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As Political Climate Changes, Appointees Begin Burrowing In

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By Joe Davidson
Tuesday, November 4, 2008

Some animals burrow to secure protection from the elements. Rabbits, moles, gophers and groundhogs are examples of burrowing critters.

Another animal that sometimes burrows in and around Washington is the mammalian species known as the political appointee.

As the political climate changes, officials appointed by the outgoing administration are looking for a safe place to nest. For some, that would be a career position in a new administration run by John McCain or Barack Obama.

Moving from an appointed position to a career job is known as burrowing in. It's not illegal and often not inappropriate, but it can look like the fix is in for the anointed to get the gig.

And this is burrowing season.

"While such conversions may occur at any time, frequently they do so during the transition period when one administration is preparing to leave office and another administration is preparing to assume office," says a report issued last month by the Congressional Research Service.

Burrowers make up a very small portion of the government's 1.9 million civilian workforce. Conversions of fixed-term NASA appointees to career service, for example, have leaped in recent years, from 266 in fiscal year 2003 to 734 in 2007. So far, the Office of Personnel Management has rejected one proposed conversion out of 21 requested.

Perhaps most of those who do convert from appointed to career positions are well-qualified for their new jobs. But talk in government circles reflects a concern much greater than the numbers. The danger is in the appearance, valid or not, of favoritism.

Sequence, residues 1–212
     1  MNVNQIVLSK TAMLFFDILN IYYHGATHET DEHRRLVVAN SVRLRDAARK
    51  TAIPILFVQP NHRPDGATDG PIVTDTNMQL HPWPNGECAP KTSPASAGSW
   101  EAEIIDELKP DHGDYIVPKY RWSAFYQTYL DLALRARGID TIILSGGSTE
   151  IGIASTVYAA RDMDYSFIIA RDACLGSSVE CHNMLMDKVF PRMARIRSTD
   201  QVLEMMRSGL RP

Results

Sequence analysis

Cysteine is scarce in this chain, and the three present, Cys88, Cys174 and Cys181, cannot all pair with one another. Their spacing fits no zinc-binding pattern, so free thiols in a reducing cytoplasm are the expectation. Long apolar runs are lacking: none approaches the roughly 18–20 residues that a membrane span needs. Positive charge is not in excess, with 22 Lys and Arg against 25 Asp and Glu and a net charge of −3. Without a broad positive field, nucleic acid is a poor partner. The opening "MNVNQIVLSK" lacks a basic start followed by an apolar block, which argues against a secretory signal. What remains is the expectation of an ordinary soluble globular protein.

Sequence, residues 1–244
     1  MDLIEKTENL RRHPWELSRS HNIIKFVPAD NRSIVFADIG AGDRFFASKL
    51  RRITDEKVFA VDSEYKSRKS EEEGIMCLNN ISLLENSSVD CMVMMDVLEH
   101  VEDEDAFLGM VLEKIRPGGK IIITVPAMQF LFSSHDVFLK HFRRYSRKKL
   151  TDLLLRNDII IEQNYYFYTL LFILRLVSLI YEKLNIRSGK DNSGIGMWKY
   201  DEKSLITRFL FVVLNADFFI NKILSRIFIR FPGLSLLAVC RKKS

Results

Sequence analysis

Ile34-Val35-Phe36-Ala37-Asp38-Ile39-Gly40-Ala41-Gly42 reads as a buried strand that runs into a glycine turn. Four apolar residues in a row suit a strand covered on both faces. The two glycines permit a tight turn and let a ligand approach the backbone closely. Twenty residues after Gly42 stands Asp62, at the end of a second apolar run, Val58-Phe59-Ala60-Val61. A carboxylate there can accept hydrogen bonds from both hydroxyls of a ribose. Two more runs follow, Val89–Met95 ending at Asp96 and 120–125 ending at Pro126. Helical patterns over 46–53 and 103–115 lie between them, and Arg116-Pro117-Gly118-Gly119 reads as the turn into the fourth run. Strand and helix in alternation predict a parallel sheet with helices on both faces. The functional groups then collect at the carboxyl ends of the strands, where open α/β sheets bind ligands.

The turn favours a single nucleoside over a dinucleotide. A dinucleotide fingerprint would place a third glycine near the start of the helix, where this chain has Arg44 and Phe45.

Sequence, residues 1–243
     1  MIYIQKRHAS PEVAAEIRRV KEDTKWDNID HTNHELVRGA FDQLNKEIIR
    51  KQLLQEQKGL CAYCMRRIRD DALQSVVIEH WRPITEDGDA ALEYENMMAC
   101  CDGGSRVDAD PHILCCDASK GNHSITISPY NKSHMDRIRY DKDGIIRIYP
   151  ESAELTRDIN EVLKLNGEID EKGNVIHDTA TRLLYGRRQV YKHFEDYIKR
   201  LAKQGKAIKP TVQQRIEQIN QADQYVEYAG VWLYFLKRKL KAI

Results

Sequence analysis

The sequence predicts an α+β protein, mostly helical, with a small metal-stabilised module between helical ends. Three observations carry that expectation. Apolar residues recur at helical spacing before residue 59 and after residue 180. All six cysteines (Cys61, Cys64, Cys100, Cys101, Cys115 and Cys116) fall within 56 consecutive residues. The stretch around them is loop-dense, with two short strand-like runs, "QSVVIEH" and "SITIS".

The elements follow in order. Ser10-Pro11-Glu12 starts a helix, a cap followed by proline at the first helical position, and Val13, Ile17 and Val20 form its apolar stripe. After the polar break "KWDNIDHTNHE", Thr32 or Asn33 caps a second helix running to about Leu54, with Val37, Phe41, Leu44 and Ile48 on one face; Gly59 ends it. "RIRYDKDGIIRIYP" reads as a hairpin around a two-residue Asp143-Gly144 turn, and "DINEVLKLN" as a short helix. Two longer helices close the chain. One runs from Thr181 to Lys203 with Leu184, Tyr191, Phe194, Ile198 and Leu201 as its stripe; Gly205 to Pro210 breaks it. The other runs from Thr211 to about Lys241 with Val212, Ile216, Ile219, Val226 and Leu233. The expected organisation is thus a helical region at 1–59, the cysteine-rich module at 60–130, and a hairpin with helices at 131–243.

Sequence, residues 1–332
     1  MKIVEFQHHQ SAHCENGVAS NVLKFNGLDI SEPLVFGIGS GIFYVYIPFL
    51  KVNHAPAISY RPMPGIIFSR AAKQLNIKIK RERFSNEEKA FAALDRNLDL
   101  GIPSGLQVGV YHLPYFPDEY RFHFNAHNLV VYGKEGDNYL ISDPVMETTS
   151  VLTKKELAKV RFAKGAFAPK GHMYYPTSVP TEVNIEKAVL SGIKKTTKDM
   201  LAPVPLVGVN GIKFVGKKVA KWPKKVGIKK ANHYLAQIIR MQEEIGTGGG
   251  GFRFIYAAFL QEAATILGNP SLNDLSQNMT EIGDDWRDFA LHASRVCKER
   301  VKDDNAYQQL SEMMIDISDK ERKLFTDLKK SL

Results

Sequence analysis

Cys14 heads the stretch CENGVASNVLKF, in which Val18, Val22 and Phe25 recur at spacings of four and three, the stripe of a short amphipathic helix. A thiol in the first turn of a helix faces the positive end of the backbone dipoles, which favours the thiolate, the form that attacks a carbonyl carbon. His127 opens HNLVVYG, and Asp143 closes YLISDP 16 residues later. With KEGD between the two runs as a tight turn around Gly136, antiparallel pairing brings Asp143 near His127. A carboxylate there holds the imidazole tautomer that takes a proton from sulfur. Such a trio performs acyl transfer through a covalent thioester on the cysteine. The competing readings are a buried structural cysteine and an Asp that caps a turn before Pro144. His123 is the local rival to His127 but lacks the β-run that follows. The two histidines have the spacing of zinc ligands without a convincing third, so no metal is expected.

CRS warned that the rank-and-file might view converted employees as intruders taking opportunities from civil servants. Or, the report added, some in the bureaucracies might be suspicious that the converted "may seek to undermine the work of the new administration whose policies may be at odds with those that he or she espoused when serving in the appointed capacity.

"Both perceptions may increase the tension between noncareer and career staff, thereby hindering the effective operation of government at a time when the desirability of creating 'common ground' between these staffs to facilitate government performance has been emphasized," CRS concludes.

Carol A. Bonosaro, president of the Senior Executives Association, shares the concern that converted employees might be suspected of holding loyalties to a previous administration and says that could sully the entire corps of government executives. Burrowers "can serve to give an incoming administration a slanted picture of the career executive service, namely to lead to some suspicion with regard to career executives," she said.

That last scenario, especially, could apply when moving from the administration of one party to another, as would happen if Obama wins today.


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© 2008 The Washington Post Company

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